|BOY ZERO: VOLUME ONE, January 2016|
Interestingly however, the “award winning” filmmaker’s plot isn’t simply a straightforward tale of one of the portly policeman’s more grisly investigations, as its occasional decade long time jumps denote. Instead, the published author’s narrative also provides plenty of mystery in an underlying story-thread which sees artist Shiloh Penfield proficiently pencil the “hero detective” being psychologically analysed by a doctor so that the Mayor can force him into early retirement and ‘satisfactorily’ sign-off another chain of homicides against Nigel’s instinctive better judgement.
This additional scene, admittedly tremendously dialogue-heavy, yet absolutely crammed full of atmosphere, really brings some depth to Drekker’s potentially dislikeable character, so that by the time the foul-mouthed law enforcer is depicted allowing his partner Kip to nauseatingly torture their suspect in a secure hospital ward towards the end of “The Ember Rose”, it’s clear that the man does so “because I am not particularly fond of explaining to parents why their child has been hacked into little pieces” as opposed to being some sadistic tormentor in his own right. Indeed, the policeman’s sole motivation in life appears to be that “on my best day I may be able to prevent” such a thing from happening, and resultantly he’ll question a fellow officer’s manhood if they’re driving too slowly, as well as repeatedly verbally abuse his work colleagues, just to ensure he catches his suspect before they try to kill again.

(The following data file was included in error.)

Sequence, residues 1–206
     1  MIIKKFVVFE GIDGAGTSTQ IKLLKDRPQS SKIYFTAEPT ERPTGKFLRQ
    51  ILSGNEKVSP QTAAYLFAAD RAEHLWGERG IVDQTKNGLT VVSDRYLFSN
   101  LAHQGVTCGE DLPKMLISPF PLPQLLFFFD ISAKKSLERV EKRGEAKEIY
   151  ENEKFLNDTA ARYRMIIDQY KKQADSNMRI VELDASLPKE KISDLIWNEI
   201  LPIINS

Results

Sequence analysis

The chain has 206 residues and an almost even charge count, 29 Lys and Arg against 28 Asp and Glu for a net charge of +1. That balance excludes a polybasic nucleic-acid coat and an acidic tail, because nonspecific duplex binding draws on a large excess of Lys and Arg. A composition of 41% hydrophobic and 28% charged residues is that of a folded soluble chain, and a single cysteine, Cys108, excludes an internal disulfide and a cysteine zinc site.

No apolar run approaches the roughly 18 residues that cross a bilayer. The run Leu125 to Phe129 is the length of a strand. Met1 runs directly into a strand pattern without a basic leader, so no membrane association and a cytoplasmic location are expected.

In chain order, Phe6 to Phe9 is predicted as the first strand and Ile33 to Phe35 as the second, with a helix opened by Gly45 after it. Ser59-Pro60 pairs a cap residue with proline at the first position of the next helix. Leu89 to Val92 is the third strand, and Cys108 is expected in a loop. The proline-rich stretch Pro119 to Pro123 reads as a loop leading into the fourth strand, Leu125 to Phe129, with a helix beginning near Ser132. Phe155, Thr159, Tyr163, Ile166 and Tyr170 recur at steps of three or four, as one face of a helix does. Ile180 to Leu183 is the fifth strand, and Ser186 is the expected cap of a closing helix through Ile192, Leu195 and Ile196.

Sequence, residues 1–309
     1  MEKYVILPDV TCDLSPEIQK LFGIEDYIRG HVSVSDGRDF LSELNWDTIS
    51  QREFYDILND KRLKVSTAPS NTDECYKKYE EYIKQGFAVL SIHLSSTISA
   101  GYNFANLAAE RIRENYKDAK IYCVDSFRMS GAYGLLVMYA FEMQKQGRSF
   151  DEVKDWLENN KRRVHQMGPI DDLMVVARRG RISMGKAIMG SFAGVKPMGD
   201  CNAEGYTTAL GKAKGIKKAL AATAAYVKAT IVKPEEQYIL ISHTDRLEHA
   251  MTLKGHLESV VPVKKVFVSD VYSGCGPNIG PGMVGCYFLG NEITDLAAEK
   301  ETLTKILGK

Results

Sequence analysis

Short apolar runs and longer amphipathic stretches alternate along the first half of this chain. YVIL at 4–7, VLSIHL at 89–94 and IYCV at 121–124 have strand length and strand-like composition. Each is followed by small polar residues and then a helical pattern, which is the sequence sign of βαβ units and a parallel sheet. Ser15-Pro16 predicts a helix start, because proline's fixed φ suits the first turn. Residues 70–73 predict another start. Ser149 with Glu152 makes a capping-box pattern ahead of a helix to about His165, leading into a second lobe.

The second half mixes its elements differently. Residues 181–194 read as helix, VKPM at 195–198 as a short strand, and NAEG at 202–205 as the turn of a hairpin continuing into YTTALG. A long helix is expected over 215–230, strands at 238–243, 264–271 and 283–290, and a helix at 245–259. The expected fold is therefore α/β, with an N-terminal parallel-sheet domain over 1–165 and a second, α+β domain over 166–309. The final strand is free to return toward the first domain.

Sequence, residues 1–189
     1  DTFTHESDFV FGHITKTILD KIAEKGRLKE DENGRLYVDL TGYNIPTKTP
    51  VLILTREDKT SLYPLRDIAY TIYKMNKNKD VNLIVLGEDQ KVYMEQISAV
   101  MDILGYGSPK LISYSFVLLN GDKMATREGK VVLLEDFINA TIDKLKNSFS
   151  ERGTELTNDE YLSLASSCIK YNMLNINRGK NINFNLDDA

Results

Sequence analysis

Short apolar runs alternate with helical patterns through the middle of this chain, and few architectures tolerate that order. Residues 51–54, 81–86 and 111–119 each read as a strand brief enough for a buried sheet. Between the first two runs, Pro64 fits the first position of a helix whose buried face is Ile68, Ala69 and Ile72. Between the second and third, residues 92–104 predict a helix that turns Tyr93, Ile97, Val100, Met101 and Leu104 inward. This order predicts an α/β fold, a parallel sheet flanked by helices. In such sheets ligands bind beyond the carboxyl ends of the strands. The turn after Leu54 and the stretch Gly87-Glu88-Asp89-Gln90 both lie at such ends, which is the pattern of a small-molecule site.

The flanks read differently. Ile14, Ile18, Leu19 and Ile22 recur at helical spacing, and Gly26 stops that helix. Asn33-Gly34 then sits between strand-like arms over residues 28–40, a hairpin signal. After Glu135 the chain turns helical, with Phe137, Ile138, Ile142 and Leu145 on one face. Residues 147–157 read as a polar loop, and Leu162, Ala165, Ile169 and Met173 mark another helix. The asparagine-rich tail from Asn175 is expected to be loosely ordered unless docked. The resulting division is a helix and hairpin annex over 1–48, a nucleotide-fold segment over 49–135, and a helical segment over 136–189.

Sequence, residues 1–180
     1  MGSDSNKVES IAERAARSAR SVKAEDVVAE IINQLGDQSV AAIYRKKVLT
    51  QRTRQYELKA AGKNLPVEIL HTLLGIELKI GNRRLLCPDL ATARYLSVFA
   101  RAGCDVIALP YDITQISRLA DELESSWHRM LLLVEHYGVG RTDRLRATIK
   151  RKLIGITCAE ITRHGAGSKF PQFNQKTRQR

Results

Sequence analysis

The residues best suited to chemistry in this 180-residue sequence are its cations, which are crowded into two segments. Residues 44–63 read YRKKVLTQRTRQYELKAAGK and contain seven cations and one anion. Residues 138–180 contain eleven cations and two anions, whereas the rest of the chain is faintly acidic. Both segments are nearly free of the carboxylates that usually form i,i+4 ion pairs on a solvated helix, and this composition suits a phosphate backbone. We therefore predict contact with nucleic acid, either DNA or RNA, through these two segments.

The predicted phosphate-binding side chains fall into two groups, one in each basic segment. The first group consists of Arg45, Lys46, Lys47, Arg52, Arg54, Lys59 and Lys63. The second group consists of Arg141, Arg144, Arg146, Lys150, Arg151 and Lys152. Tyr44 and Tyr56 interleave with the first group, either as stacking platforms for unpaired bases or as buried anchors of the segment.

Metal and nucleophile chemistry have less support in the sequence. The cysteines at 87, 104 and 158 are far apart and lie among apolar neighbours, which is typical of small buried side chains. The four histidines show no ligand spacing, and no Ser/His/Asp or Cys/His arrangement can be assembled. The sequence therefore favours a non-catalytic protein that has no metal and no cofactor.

|Written by: Charles Chester, and Artwork by: Shiloh Penfield|